Church leaders in Nigeria condemned the killings of nearly 200 Christians in Plateau State as they prepared to celebrate Christmas.
According to reports, 198 Christians were killed in a series of terror attacks in 26 Christian communities. The attacks began on the night of 23 December and continued into Christmas Day. “This indeed has been a gory Christmas for us,” Plateau’s governor, Caleb Mutfwang, said, noting that the attacks were “well-coordinated” and used “heavy weapons”.
Bishop Matthew Kukah of Sokoto called on President Bola Tinubu to take immediate action to protect people.
“You have no excuses before God or the people of Nigeria,” the bishop said, warning that “neither God nor history will forgive you if you fail”.
The bishop’s address emphasised how “Nigerians have almost lost hope” that “a government can really and truly care for them” and that “our politicians will put our interests first and find a way to deal with the cancer of corruption”.
Catholic leaders demanded government action after the attacks.
“This indeed has been a gory Christmas for us,” Plateau’s governor Caleb Mutfwang said in a Tuesday statement that noted the attacks were “well-coordinated” and used “heavy weapons”.
According to accounts by several local sources and human rights activists, 198 Christians were killed in a series of terror attacks in 26 Christian communities in Plateau. The attacks began the night of 23 December and continued into Christmas Day.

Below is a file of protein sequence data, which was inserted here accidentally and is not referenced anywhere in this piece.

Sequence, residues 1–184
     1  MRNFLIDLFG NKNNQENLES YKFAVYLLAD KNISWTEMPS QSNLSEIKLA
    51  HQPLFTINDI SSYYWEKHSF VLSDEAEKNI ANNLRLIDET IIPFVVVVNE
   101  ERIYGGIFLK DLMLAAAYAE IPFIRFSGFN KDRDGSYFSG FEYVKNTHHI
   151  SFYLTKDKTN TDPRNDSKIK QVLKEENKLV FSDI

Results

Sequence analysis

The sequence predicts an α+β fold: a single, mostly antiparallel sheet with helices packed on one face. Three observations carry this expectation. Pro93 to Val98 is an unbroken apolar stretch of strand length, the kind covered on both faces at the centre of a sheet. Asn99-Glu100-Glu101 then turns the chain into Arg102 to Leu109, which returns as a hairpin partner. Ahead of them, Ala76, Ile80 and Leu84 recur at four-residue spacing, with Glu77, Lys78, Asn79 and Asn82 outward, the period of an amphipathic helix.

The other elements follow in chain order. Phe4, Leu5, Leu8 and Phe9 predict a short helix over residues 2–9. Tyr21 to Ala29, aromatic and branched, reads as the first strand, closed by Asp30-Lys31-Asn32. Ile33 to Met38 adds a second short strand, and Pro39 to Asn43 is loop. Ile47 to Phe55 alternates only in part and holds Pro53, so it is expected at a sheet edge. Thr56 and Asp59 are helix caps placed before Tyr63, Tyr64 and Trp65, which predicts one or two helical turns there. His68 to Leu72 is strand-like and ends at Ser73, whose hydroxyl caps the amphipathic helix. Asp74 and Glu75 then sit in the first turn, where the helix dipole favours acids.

Maria Lozano, a representative for Aid to the Church in Need, told CNA that the Christmas attacks made the weekend “one of the most violent [times] in the area’s history”. She said she believes that the Fulani tribe is responsible for the attacks.
This was the latest instance of terrorists targeting Nigerian Christians on significant feast days, following the 2022 Pentecost massacre that killed 50 people.
Lozano said the attacks were the result of a combination of problems including ethnic and religious strife between the Christian farmers and nomadic Fulani herdsmen.
She pointed out that the timing of the attacks had “religious undertones”.
Lozano also said that a “lack of response from the government” over the years has worsened the situation in the region and that tangible government support has been largely absent after the Christmas massacre. This has forced churches to take on the “primary responsibility of providing assistance,” she said.
President Bola Tinubu ordered an “immediate mobilisation of relief sources” and directed the country’s security agencies to “scour every part of the zone” and “apprehend the culprits responsible for these atrocities”.
Mutfwang called on the security agencies to identify those who have been “the sponsors of these attacks” so that the government can act to “unravel all those responsible”.
“Until we cut off the supply in terms of sponsorship, we may never be able to see the end of this,” he said.